Being diagnosed with cancer is a life-changing experience, and it is not unusual for people to feel isolated when they find themselves in this position.
“Coming to terms with a cancer diagnosis and all the possible implications can be a daunting prospect for anyone, whether it is from the perspective of the person who has cancer or from that of their loved ones. Social and emotional support are vital aspects of dealing with the disease and developing coping strategies,” says the general manager of Netcare St Anne’s Hospital, Louis Joubert.
“As part of our efforts to offer not only cutting edge treatment and a holistic service to patients, Netcare St Anne’s Hospital has teamed up with the Cancer Association of South Africa (CANSA) to establish a support group for patients and their caregivers. We believe that this can help people with cancer deal with the impact the disease may have on their lives. Our message to those suffering from cancer is: ‘No one fights alone’,” Joubert notes.
“The first meeting of the cancer support group was held in July and was well attended. Meetings will take place on a monthly basis and the second meeting will be held on Tuesday, 23 August, from 15:00 to 16:00 at Netcare St Anne’s Hospital boardroom.”
“At the meeting, the side effects of cancer treatments and the strategies individuals have come up with to cope better will be explored. Every person’s fight against cancer is unique and also highly personal, and many patients have found innovative ways to reduce the impact of some unpleasant side effects that certain treatments may have, and the meeting provides a platform for sharing their solutions,” Joubert explains.
“People may well have the mistaken idea that a cancer support group is a depressing, morbid group activity. The truth is that a lot of what is discussed at these meetings is focused on life and the strength of the human spirit in overcoming difficulties. The first meeting was an opportunity for attendees to get to know each other, and there was a lot of inspiration and laughter as people started connecting with one another.”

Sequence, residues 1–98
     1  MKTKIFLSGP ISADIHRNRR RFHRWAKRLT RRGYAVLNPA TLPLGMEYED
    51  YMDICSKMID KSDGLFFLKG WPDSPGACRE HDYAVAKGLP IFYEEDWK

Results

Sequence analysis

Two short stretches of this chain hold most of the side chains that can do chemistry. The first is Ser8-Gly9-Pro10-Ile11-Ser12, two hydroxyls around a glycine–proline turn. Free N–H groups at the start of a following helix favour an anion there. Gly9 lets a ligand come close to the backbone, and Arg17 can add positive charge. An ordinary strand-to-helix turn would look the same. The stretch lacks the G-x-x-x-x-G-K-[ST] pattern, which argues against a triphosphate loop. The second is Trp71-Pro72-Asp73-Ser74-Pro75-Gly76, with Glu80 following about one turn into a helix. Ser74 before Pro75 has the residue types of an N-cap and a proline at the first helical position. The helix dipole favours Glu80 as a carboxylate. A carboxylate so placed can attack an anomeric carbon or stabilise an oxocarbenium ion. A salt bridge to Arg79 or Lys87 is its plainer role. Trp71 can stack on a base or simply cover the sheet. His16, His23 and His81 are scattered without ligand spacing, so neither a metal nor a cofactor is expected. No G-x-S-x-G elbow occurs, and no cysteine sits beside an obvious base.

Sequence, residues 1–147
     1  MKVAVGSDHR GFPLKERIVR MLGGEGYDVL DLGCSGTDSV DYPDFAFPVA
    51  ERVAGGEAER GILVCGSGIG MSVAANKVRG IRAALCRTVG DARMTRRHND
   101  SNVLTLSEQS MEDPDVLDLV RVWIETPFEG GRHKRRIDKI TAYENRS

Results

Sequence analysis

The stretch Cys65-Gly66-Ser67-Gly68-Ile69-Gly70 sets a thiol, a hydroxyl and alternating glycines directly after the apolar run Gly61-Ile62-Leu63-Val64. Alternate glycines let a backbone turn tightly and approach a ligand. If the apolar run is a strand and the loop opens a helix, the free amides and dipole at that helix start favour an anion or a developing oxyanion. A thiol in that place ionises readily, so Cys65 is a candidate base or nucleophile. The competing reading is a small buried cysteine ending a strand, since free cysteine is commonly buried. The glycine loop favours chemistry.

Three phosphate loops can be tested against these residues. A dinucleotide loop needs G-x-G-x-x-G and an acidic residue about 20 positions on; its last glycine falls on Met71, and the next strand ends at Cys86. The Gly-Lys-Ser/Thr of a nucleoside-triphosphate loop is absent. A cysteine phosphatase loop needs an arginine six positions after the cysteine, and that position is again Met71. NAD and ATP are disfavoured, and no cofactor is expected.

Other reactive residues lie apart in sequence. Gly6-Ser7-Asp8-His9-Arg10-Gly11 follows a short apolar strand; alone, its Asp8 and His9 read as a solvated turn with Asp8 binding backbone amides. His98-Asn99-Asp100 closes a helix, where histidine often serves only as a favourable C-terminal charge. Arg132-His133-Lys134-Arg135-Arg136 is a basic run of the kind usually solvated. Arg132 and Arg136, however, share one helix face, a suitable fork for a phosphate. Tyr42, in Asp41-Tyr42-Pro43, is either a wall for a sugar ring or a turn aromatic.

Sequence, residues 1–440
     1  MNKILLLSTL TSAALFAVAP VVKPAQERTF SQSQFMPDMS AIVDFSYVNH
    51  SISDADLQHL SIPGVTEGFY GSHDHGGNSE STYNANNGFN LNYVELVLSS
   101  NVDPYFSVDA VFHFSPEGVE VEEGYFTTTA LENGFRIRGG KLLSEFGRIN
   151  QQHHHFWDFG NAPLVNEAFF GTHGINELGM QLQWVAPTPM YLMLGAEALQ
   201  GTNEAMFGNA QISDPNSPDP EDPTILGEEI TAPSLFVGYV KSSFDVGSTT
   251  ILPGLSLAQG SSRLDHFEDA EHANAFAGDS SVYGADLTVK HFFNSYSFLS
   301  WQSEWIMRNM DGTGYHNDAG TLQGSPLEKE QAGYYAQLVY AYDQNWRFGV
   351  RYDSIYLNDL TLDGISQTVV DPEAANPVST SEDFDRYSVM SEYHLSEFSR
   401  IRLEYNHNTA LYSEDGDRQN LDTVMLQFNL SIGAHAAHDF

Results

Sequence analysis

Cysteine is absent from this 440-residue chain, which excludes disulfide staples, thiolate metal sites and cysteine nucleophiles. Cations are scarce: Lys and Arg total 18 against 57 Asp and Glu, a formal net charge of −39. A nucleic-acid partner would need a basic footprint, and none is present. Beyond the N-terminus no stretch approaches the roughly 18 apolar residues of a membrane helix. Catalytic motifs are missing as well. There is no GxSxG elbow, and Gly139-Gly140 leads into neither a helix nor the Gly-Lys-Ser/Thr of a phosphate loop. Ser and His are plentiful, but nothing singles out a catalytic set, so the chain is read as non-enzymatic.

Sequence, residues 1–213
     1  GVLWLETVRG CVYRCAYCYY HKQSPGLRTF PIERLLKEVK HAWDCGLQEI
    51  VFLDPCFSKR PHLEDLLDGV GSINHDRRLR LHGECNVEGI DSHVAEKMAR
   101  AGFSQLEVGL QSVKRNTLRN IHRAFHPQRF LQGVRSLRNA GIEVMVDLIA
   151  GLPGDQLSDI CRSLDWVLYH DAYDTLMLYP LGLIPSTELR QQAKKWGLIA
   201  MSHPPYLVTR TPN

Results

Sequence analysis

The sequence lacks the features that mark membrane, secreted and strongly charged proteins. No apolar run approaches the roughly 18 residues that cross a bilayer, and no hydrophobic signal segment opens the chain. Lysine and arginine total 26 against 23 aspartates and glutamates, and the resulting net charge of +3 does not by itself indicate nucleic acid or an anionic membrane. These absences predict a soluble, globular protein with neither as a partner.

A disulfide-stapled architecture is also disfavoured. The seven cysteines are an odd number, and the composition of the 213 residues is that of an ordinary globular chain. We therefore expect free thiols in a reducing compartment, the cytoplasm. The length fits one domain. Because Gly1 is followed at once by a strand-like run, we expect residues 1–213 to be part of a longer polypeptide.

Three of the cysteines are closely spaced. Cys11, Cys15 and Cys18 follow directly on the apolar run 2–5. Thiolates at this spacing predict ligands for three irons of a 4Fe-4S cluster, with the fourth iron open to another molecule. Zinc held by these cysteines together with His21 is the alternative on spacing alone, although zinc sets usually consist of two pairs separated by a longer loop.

The support group also facilitates discussion and shared insights on the emotional burden of the disease, both for the individual and their caregivers, and strategies for coping with this stress in order to maintain strength for healing.
“The aim of this group is to allow patients to share the insights that have helped them to keep strong in the face of this disease,” Joubert notes.
“One important aim of the support group is to promote self-actualisation in the wake of diagnosis. Many cancer survivors have recounted how they initially felt that the disease defined their outlook, but after some time came to a realisation that cancer does not define them.
“As cancer treatments, and the disease itself, can often have an effect on one’s physical appearance, the support group also offers tips for lessening the impact of the disease on one’s self esteem through aesthetic measures. Many people report that this helps them to feel more confident again,” adds Joubert.
People who are interested in attending the second meeting are requested to book their seat with Shubnum Ismail on 082 360 2590 or (033) 897 5013 or via email on firstname.lastname@example.org. Alternatively, contact the CANSA representative Connie Zuma on (033) 342 9837 or email@example.com. Joining the support group is free of charge.
“It is our privilege to host this support group at Netcare St Anne’s Hospital and help to bridge the gap between cancer diagnosis, treatment and recovery,” Joubert concludes.
Issued by: Martina Nicholson Associates (MNA) on behalf of Netcare St Anne’s Hospital
Contact : Martina Nicholson, Graeme Swinney, or Meggan Saville
Telephone: (011) 469 3016
Email: firstname.lastname@example.org, email@example.com or firstname.lastname@example.org